Wednesday, August 24, 2011

Jealous Therapist Syndrome

“Some people like my advice so much that they frame it upon the wall instead of using it.” ~~Gordon R. Dickson~~

During an Accountability Group meeting yesterday we discussed what one of my partners called the “jealous therapist syndrome”. I Googled it… I think she may have coined the phrase. Basically the point is that it’s often easier to help someone else than it is to help yourself. We have clarity of thought when we look in from the outside. We can give great advice to others, but we don’t always follow our own. We can see what can work for someone else's situation, but have trouble plotting out our own path. A colleague of mine, Ed Han, even posted about it in his blog a few weeks ago as it relates to resumes, and how hard it is to write your own, while being so easy to give opinions on others. In his post, Ed challenges us to “Imagine what more any of us could learn if we had more input from people whose views we trust?” I like the idea! It’s why there are mastermind groups, power lunches with like-minded people, job clubs, and a whole host of other networking opportunities where we can share information and get input from people we trust and respect. Research has shown that job seekers who are members of job clubs land new roles more quickly than those who do not participate in such networking events. Another colleague of mine, Donna Svei, aka Avid Careerist, a resume writer who also writes a great blog for job seekers, strongly encourages job seekers to “show up” and “get yourself out with people” in her post HERE. So – what are you waiting for? Get out there, ask for ideas and input. Seek assistance… but beware the naysayers and the doom and gloomers. Not all advice is good.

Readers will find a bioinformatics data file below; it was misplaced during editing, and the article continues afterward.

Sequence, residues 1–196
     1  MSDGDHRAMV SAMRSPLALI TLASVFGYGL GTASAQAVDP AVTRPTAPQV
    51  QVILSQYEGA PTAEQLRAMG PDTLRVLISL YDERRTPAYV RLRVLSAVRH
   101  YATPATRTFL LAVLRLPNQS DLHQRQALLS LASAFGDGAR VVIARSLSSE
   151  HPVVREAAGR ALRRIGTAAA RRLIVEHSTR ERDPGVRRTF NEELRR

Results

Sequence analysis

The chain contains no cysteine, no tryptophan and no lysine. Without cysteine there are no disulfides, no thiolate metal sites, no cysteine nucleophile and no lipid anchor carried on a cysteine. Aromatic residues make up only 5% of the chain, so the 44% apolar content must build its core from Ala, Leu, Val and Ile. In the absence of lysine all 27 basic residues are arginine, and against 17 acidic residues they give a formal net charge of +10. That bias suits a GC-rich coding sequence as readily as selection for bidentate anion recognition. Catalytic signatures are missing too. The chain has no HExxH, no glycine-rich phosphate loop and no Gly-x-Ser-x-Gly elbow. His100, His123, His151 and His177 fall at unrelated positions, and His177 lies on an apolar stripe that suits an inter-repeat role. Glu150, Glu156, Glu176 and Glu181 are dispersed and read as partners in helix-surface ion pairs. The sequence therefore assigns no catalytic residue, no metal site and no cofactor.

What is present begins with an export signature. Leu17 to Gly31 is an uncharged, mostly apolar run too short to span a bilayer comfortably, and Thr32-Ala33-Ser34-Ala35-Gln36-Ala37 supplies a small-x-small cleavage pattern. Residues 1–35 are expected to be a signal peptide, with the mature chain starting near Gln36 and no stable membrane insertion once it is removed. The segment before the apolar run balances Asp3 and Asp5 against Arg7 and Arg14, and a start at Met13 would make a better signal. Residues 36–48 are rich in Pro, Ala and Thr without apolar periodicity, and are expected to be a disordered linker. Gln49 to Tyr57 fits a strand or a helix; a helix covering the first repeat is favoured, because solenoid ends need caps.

1. I love that--"jealous therapist syndrome" is a great name for it! And that quotation is terrific!

    I think that what stops so many folks--myself included--is the demon of self-doubt. It's hard to trust ourselves sometimes, I think. And the issue, at least to my way of thinking, is that our desire to help our friends or colleagues in those circumstances outweighs our self-doubt.

    But applying it to ourselves, that's the tricky thing.

    And of course, I'm always happy when anyone gives Donna Svei a shout-out--heaven knows she deserves it!

  2. Jennifer,

    I'm honored. Thank you for being such a good friend to job seekers and to me!

    aka AvidCareerist

  3. @Ed - Thanks for more great insight! Great point!

    @Donna - Thank YOU! And, you're most welcome!